Part of the education process is, as we all know, an attempt to beat the physical expression of such ideas out of teenage boys. After all, it isn’t that gentlemen don’t look at teenage thighs, nor that they don’t think of them, they just don’t mention doing so. There used to be a part of the associated female education process to warn that this was likely and therefore to limit the occasions – to perhaps where the attention would be truly desired – where it was possible. After all, nowt wrong with generating a bit of lust now and again but there is often a value in being selective over who in.

This current argument is symptomatic of all too much of the progressive project. Teenage boys snigger at female knickers. Some mixture of fear, lust, desire, nervousness and all that. You know, adolescence. The progressives continuing to insist that humans not be humans which really isn’t how it all works, is it?

Fair enough, the claim is that we’re not very good at counting

England’s recent improvement in international tests comparing the educational performance of 15-year-olds across the globe is based on “flawed” data which, if corrected, could result in a sharp drop down the rankings, according to new research.

The government hailed the most recent round of results in the OECD’s Programme for International Student Assessment (Pisa) in 2018, which saw a marked improvement in England’s maths results, as a vindication for policy changes driven by Michael Gove when he was education secretary.

Research by UCL Institute of Education suggests, however, the results and subsequent rankings were distorted because of low levels of participation in the test and a disproportionate underrepresentation of lower achieving students. If the data was adjusted on the basis of a more representative sample, it suggests England could plummet 11 places in the rankings for maths.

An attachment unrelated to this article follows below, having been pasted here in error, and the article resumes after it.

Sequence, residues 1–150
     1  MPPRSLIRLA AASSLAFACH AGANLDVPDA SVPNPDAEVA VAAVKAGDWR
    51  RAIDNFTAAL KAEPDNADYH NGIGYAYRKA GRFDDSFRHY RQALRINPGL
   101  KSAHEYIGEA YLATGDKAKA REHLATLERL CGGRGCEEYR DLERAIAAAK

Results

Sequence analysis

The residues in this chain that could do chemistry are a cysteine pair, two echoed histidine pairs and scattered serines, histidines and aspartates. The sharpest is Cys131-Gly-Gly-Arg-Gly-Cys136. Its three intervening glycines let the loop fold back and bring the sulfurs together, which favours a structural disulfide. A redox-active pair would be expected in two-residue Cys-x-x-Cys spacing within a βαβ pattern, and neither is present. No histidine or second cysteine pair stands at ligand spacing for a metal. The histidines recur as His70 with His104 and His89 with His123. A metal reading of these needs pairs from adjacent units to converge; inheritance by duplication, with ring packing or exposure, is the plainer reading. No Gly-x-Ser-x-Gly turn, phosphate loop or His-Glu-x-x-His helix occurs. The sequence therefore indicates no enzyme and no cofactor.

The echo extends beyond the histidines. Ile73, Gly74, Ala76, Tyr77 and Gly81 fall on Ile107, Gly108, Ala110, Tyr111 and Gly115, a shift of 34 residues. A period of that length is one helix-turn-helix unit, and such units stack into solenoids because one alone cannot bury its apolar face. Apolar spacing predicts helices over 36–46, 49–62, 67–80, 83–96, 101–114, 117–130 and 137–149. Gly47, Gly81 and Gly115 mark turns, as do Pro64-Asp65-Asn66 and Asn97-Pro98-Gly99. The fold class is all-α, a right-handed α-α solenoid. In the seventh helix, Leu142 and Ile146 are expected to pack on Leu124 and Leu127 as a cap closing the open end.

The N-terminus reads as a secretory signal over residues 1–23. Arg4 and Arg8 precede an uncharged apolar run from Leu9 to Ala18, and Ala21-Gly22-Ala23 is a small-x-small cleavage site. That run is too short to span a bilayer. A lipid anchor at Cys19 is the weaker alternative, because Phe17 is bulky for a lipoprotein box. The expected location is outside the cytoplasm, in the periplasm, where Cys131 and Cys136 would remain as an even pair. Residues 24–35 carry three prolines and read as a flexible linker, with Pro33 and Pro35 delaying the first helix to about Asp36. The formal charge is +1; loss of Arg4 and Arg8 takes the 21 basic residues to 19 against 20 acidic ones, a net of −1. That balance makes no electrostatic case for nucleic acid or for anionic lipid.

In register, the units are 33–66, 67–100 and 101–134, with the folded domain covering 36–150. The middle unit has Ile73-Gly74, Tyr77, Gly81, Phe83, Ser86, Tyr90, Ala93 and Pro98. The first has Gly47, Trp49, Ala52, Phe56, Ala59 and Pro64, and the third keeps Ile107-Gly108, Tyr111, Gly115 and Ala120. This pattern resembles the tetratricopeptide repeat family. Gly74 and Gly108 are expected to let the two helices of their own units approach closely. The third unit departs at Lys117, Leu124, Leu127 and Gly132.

An interesting claim

No matter where you come from or what your circumstances are, we will drive up school standards to ensure opportunities abound.

From Keir Starmer.

Presumably they’re going to sell off the state sector to the public schools then. Given that’s where the higher standards are….


So here-s – another – thing I don’t know about.

How much of education is teaching stuff and how much is simply corralling the blighters as they age?

Or, to be more precise.

So, teaching a 5 year old basic numbers is a time consuming task. Lots of repetition and so on.

Teaching a 16 year old would, I imagine, be easier. The concepts are more likely to be grasped, rote learning would be reduced. I think.

I’m also aware that some things rather can’t be taught later. Languages to true fluency tend to have to start with young brains, going back later doesn’t quite cut it.

So, leaving aside that “later doesn’t work” point and to stick with the first.

What ends up being the question is how much of the education system is trying to jam in stuff as soon as possible – stuff that could be learned more easily later – and how much of it is actually necessary to learn right now?

In one sense the point is obvious. Any of us could go do a GCSE in a few weeks couple of months and yet this takes 15 year olds 2 years. Some of that is experience of course but that’s also part of the effect I think. It’s easier to learn stuff with a more developed brain. Umm, maybe.

The implication of this is about the missed year of schooling just now. How much does this actually matter? If education is largely waiting until brains have developed enough to learn the stuff easily then missing a period doesn’t particularly matter. It can be picked up easily enough as an older person.

On the other hand, if everything has to be taught and taught and taught then missing some few months will delay completion by that same few months.

My assumption is that both effects are in play, as with so many other things. We can’t go teach division until addition and subtraction are mastered. But it’s also a heck of a lot easier to explain to a 16 year old than a 10 year old that, in fact, ratios are fractions and fractions are ratios. They’re just different expressions of the same base idea. The concept of something being the same but different is easier to grasp that little later.

So, anyone know?

Given the state of the academy I doubt this is something anyone has ever bothered to study – far more important to detail this year’s woke necessities – formally but still, anyone know?